Since you are talking about x7, I looked for an older sample in my files and found a kitchen I did in early 2014 - prob x7 or x8?  I used to always note the number of passes and the length of time on it, so this particular raytrace was 7 passes, 4000 pixels wide and took 3 hours and 12 minutes.  I probably ran it over night back then since it had a lot of lights on. My hardware would have been older and slower too.  In the very beginnings of raytracing, I also used to "cheat" and give the ceilings their own material that I would make slightly emissive to generate a bit of their own light since dark ceilings was always an issue.  I often put in one or two "add lights" just to add overall brightness to interiors as well.  While this may not be purist for getting it all exactly from the scene, it can save a bunch of time.  BTW, these days my raytraces only take about 20 minutes or less - progress!  Anyway, good luck!

 

 

g1 7ps 3h12 e2.jpg

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19 hours ago, Christina_Girerd said:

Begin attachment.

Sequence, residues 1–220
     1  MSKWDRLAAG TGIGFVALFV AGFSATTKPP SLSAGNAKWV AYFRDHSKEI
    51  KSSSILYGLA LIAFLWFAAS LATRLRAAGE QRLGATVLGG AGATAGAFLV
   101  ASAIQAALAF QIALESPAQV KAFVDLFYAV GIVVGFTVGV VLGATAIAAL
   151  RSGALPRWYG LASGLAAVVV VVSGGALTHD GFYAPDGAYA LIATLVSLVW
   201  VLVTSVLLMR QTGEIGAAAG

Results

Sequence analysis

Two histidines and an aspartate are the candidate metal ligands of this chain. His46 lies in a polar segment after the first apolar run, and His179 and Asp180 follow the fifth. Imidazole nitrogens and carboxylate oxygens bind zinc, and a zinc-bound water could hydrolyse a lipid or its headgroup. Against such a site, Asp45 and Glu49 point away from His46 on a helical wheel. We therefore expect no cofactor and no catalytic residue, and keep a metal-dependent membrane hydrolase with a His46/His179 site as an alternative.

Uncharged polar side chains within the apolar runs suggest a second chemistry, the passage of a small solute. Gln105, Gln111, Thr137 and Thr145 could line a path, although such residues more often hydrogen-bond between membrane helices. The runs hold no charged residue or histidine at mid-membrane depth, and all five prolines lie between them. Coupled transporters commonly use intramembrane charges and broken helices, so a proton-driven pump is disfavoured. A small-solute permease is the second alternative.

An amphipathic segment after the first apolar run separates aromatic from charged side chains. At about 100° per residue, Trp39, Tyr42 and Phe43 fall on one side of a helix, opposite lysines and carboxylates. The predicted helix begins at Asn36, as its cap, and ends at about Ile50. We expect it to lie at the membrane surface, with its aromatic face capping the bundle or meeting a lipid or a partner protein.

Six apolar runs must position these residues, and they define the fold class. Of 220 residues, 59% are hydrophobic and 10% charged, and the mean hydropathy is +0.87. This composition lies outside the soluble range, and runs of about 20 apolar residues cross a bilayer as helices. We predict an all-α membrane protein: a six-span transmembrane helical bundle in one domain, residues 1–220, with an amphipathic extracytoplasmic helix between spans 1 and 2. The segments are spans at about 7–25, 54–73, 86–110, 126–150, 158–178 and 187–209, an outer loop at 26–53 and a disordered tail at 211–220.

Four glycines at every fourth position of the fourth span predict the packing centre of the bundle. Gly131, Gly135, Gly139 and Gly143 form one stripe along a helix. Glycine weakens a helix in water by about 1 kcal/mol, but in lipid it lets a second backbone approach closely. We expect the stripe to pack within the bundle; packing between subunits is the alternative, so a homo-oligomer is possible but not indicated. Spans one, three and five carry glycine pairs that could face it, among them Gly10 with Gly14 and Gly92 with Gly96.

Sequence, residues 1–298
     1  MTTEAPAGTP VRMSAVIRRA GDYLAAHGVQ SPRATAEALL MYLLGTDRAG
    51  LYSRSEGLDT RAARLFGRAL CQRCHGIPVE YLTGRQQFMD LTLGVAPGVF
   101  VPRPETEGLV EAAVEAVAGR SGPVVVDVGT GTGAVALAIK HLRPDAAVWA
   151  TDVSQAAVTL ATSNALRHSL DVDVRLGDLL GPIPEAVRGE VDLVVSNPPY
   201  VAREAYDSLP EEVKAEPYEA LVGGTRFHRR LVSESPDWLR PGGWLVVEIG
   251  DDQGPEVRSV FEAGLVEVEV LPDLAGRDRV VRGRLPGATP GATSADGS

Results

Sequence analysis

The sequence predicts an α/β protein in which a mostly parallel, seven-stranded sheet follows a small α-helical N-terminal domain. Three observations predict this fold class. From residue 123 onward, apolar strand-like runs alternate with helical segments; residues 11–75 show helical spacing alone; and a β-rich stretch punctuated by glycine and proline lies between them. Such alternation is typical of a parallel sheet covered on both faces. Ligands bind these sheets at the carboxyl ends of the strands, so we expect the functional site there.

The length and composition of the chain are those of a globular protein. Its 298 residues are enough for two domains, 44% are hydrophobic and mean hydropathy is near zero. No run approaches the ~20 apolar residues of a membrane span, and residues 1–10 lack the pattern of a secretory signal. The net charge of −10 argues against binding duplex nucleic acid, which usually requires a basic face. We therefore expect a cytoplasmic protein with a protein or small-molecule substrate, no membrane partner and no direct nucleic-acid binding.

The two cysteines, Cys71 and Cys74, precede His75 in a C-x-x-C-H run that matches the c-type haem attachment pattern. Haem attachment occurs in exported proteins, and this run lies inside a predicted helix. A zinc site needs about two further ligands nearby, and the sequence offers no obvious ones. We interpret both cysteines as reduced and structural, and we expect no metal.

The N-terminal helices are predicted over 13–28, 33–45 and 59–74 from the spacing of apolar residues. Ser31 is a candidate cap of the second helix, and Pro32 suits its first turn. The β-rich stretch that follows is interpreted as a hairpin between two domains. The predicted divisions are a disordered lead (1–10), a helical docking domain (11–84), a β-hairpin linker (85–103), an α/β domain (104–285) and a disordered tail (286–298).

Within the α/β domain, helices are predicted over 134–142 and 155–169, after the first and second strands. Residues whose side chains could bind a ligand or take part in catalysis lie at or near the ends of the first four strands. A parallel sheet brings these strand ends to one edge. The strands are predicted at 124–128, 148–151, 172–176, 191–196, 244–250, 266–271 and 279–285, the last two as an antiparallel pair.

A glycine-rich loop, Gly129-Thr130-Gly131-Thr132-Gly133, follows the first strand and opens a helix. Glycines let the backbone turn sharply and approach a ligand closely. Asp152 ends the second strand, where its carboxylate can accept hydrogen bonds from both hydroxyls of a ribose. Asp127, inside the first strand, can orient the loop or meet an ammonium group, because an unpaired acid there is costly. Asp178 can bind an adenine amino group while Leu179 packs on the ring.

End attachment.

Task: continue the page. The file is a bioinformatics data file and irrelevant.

While this doesn't deal with the particular raytrace specs, here are a few tips I learned from my early raytracing that you might be able to apply.  I raytrace on almost every single project I do, and I've found that I can do fewer passes with larger raytraces and get a better looking result than smaller one with more passes.  I typically do raytraces of 3000 or 5000 pixels wide for my clients, normally no more than 10 passes and resize it smaller when I put it in the layout file.   If I just need a little overall brightening, I have found it is far faster to just brighten it up in my paint program.  I end up brightening up almost all the raytraces I do at least a little.  But that only takes a minute. 

 

Since you are talking about x7, I looked for an older sample in my files and found a kitchen I did in early 2014 - prob x7 or x8?  I used to always note the number of passes and the length of time on it, so this particular raytrace was 7 passes, 4000 pixels wide and took 3 hours and 12 minutes.  I probably ran it over night back then since it had a lot of lights on. My hardware would have been older and slower too.  In the very beginnings of raytracing, I also used to "cheat" and give the ceilings their own material that I would make slightly emissive to generate a bit of their own light since dark ceilings was always an issue.  I often put in one or two "add lights" just to add overall brightness to interiors as well.  While this may not be purist for getting it all exactly from the scene, it can save a bunch of time.  BTW, these days my raytraces only take about 20 minutes or less - progress!  Anyway, good luck!

 

 

g1 7ps 3h12 e2.jpg

 

Nice tips, THANKS! :)